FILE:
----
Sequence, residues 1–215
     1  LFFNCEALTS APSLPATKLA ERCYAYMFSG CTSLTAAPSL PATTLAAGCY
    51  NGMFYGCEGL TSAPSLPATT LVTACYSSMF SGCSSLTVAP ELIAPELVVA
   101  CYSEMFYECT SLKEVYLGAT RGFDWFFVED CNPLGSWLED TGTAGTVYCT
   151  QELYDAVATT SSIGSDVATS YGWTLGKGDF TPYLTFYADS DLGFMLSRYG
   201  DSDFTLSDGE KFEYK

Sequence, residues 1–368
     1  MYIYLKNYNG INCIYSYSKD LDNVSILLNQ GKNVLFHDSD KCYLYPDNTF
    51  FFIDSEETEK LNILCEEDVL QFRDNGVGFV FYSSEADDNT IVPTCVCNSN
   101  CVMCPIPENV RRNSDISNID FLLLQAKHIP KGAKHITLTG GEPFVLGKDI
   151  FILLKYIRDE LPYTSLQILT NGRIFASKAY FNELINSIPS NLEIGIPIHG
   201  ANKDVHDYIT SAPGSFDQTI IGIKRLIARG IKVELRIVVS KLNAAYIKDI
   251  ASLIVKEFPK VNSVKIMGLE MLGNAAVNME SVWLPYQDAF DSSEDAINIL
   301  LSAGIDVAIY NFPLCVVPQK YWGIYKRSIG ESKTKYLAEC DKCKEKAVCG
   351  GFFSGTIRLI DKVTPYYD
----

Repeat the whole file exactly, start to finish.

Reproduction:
Sequence, residues 1–215
     1  LFFNCEALTS APSLPATKLA ERCYAYMFSG CTSLTAAPSL PATTLAAGCY
    51  NGMFYGCEGL TSAPSLPATT LVTACYSSMF SGCSSLTVAP ELIAPELVVA
   101  CYSEMFYECT SLKEVYLGAT RGFDWFFVED CNPLGSWLED TGTAGTVYCT
   151  QELYDAVATT SSIGSDVATS YGWTLGKGDF TPYLTFYADS DLGFMLSRYG
   201  DSDFTLSDGE KFEYK

Sequence, residues 1–368
     1  MYIYLKNYNG INCIYSYSKD LDNVSILLNQ GKNVLFHDSD KCYLYPDNTF
    51  FFIDSEETEK LNILCEEDVL QFRDNGVGFV FYSSEADDNT IVPTCVCNSN
   101  CVMCPIPENV RRNSDISNID FLLLQAKHIP KGAKHITLTG GEPFVLGKDI
   151  FILLKYIRDE LPYTSLQILT NGRIFASKAY FNELINSIPS NLEIGIPIHG
   201  ANKDVHDYIT SAPGSFDQTI IGIKRLIARG IKVELRIVVS KLNAAYIKDI
   251  ASLIVKEFPK VNSVKIMGLE MLGNAAVNME SVWLPYQDAF DSSEDAINIL
   301  LSAGIDVAIY NFPLCVVPQK YWGIYKRSIG ESKTKYLAEC DKCKEKAVCG
   351  GFFSGTIRLI DKVTPYYD